Aug. 31-Sept. 6, 2001
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‘Second genetic code’ discovered

Molecular genetic researchers at U.Va. have discovered a new area outside the DNA itself that may show existence of another type of genetic code.

In four articles published in the Aug. 10 issue of the journal Science, C. David Allis, U.Va. Byrd Professor of Biochemistry and Molecular Genetics, other U.Va. researchers and collaborators at the National Institutes of Health and Cold Spring Harbor Laboratory in New York, as well as the Research Institute of Molecular Pathology at the Vienna Biocenter in Austria, describe how proteins called histones, around which the DNA is coiled, form a structure called chromatin and provide sites where additional gene regulation appears to occur, acting, in effect, as a master “on/off” switch.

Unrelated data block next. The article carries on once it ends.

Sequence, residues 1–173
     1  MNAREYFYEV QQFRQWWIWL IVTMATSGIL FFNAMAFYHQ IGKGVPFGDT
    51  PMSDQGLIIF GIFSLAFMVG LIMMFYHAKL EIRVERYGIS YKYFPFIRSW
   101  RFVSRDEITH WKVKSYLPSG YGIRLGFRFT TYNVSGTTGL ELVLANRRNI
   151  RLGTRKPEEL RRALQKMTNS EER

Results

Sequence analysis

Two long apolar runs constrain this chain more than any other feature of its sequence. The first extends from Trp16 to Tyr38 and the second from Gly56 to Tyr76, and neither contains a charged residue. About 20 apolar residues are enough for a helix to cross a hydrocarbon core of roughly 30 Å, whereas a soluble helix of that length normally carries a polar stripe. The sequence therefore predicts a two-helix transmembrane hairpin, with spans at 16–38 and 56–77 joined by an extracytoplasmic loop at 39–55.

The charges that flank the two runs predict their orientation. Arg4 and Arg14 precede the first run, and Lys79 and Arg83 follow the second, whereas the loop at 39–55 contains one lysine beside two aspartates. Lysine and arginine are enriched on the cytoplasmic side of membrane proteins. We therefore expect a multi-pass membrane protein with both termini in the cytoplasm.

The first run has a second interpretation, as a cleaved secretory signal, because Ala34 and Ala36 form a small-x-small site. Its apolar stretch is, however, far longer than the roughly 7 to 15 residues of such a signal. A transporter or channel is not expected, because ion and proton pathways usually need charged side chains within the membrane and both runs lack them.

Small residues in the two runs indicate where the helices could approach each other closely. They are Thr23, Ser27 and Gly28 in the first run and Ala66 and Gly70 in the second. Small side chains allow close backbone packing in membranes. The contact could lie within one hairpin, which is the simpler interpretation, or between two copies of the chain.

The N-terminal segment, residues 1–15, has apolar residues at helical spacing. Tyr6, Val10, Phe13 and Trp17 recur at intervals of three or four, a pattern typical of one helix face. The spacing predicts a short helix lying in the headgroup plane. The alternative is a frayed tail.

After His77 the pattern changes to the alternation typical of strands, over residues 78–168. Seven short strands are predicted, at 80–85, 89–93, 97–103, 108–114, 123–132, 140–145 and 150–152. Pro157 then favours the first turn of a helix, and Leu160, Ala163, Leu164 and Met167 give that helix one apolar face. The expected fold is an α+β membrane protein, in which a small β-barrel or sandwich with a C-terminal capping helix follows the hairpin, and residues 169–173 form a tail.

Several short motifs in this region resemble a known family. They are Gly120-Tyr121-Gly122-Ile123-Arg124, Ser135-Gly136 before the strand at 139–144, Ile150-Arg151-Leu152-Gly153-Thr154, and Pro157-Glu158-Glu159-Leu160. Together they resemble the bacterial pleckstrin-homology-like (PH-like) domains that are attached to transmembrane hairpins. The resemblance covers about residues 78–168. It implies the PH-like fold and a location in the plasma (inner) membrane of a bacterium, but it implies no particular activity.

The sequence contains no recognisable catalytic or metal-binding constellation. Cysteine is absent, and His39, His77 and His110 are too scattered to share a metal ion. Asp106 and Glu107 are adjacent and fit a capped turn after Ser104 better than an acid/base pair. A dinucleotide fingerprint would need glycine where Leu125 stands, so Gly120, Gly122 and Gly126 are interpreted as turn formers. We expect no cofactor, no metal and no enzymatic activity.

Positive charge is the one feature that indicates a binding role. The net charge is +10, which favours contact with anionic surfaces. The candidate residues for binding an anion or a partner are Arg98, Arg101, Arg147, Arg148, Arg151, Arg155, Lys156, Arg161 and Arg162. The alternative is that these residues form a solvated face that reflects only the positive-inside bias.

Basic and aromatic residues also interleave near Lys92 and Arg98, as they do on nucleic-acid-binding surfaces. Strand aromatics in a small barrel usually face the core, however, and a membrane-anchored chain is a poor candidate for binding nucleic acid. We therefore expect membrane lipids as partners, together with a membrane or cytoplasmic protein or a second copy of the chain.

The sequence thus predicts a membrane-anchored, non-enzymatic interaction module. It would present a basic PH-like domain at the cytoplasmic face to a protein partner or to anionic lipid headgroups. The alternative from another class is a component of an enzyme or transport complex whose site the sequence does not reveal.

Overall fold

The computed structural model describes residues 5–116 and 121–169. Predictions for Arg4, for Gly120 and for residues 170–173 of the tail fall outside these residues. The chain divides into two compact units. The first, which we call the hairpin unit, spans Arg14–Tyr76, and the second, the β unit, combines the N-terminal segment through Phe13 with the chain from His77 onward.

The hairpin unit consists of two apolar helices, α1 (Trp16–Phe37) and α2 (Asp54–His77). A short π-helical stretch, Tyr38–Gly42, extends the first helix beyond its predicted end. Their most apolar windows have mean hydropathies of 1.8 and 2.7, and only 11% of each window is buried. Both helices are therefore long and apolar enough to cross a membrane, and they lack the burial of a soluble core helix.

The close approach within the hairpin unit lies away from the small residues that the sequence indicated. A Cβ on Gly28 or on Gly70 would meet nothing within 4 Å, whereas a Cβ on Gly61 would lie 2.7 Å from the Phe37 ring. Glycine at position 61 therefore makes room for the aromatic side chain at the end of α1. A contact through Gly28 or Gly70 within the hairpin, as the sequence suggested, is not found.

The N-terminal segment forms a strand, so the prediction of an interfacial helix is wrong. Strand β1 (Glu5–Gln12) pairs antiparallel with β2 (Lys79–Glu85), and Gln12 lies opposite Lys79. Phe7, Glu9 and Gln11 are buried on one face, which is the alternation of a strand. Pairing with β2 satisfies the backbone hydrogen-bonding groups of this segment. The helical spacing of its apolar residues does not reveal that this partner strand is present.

Allis and other researchers have co-authored several studies that show evidence that histone methylation is at the heart of this common on/off switch.

“We believe that what is telling the cell to make those choices is an overall code that may significantly extend the information potential of the genetic DNA code itself. For some time, we have known that there is more to our genetic blueprint than DNA itself. We are excited that we are beginning to decipher a new code, what is referred to as an epigenetic histone code.

“If we know how to control which genes we want to turn on or off, we might be able to reduce disease risk,” Allis said. “For example, we could turn off genes that promote tumor growth, to help prevent cancer development, and turn on other genes that suppress tumors.”


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